Harpers Ferry

Harpers Ferry, WV near the Appalachian Trail Headquarters

At the house, I decided the aspects were ripe for a long hike up the mountain known as Loudoun Heights again. Loudoun Heights, VA was the current setting for a book I was writing at the time in the “Harpers Faerie Magic” series. The temperature had come down from an average of 100 degrees, to 90 degrees. Putting aside chores and projects, there comes a time when one must set out on a day hike. Day hikes can be calming or an adventure, and sometimes both!

It had been years since I had hiked the entire mountain along the top ridge, but I missed it nostalgically. I had many memories from teenage years of camping and hiking all over the mountain with friends. I went through my list of walking sticks, and which ones were available at hand – I decided to go with the bronze poker that Dad and I used for the yard fire-pit. It was cane size for my height, and proved to be sturdy. It also is closer to being a sword than my wooden staves, which was good for combating over-grown foliage on the path; although tall staves have their advantages also (spider webs).

During the hike I saw many animals and insects I expected to see, because I had seen them up there on the mountain before, or at least in the yard. I saw many deer, common birds (crows, turkey-vultures, cardinals, bluejay, etc), a few rare birds (woodpecker and maybe a bird of prey), butterflies, and squirrels. I also saw spiders, gnats, mosquitoes, ticks, flies, bees, hornets, wasps, but luckily no snakes! I walked through 15-20 webs during the course of my hike up and across the mountain, and all of the webs had the same notorious spider handing in the middle. I say notorious, because I have seen them in the woods since elementary school, and because one finally bit me on this hike. I felt that these spiders were not classified properly, so I wrote my own web article on them: White-back Spiny Hermit-Crab Spider. In West Virginia this variety of the Spiny Orb Weaver (Gasteracantha cancriformis) is distinct from the Southern versions. Hermit-Crab Spiders have become the dominant woodland spider on the Appalachian Trail.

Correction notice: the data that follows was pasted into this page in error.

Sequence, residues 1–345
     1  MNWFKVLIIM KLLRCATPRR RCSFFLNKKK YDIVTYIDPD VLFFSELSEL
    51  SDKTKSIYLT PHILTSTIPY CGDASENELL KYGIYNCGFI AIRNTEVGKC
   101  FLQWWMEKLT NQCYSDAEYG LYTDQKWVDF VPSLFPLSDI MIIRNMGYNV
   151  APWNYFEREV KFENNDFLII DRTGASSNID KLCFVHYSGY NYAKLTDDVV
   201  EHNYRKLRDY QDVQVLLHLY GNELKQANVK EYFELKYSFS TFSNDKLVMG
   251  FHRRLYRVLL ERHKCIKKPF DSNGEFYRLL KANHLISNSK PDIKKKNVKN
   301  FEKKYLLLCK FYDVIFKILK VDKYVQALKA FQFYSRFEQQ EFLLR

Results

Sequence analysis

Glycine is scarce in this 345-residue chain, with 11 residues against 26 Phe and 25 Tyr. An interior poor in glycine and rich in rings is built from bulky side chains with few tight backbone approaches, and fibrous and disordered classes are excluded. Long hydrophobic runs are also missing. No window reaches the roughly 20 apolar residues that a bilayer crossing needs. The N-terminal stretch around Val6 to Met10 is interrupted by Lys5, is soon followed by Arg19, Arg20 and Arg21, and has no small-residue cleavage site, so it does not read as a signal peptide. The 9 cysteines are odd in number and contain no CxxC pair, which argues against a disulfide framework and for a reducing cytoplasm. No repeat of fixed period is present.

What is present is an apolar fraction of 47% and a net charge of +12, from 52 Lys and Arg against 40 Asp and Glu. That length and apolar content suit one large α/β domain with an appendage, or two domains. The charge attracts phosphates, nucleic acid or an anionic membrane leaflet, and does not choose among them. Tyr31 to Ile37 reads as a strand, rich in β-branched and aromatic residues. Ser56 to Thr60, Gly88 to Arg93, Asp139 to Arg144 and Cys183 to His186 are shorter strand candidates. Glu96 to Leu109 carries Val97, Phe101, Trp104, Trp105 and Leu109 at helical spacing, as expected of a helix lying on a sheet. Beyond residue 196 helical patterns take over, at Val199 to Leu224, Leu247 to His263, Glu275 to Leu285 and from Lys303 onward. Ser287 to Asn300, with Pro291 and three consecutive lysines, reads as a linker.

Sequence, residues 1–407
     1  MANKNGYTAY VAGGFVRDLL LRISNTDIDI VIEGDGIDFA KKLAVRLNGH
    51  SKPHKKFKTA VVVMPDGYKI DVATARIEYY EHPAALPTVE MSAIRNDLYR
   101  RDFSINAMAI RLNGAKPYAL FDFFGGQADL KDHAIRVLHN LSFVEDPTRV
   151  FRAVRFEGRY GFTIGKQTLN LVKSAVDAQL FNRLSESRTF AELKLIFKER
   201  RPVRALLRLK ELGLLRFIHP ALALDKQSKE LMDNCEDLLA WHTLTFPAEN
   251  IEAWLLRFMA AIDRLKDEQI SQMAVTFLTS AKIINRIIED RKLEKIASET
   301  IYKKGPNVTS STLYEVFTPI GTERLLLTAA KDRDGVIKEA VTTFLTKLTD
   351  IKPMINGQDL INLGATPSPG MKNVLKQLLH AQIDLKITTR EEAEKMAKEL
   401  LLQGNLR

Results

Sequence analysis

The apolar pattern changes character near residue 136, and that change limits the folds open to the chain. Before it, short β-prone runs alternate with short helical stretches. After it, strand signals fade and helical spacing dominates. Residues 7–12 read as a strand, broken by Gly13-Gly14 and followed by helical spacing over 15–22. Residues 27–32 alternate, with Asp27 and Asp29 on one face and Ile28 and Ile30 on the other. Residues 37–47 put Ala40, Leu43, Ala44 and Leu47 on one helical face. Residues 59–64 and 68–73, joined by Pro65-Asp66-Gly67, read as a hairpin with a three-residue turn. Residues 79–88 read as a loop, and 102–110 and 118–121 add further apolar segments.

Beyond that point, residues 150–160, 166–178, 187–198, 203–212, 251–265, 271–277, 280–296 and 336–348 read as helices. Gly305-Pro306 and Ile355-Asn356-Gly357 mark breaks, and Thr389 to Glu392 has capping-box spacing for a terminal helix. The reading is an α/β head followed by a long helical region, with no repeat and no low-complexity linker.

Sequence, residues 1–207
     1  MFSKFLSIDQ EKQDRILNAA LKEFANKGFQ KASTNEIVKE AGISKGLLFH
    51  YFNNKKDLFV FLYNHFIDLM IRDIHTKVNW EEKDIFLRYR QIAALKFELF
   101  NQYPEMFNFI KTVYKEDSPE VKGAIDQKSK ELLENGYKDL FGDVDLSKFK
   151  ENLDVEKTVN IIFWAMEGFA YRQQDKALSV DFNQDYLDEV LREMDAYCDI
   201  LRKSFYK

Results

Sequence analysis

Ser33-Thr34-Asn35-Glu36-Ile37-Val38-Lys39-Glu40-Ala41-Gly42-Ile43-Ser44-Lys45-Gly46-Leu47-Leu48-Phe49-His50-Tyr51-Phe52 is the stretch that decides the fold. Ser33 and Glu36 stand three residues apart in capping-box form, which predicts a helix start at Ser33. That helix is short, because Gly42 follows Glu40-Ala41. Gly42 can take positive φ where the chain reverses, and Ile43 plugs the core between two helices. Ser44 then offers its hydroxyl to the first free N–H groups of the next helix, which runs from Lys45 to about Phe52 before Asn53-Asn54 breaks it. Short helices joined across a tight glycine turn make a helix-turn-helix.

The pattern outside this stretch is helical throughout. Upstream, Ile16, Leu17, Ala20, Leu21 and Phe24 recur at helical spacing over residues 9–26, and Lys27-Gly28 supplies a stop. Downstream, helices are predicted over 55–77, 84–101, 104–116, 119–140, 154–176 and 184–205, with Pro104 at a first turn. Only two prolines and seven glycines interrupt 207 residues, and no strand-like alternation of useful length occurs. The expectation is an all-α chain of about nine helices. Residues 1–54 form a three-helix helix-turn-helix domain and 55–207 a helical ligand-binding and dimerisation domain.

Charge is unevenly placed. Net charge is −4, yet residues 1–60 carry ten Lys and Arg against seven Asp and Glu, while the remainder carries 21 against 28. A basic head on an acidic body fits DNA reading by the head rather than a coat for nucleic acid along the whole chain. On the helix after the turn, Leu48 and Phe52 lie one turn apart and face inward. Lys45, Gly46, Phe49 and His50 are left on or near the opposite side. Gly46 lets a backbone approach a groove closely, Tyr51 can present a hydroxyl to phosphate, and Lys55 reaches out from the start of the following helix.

Before Noon I got my gear together. In an empty backpack I put: snack food, water bottle, knife, string, handkerchief, binoculars (light weight), and cell phone (camera + video). My cell phone was lighter weight than my digital camera and certainly my older video cameras, so it was good to have all those features in one; it just meant I had to email each of the files from the phone separately which takes time. Still, the tech is easier to carry, and more affordable to process than 10-20 years ago.

I knew that having those items would help me on my trip, as I set off; and so they did.

NEXT Chapter:  Warlock Trail

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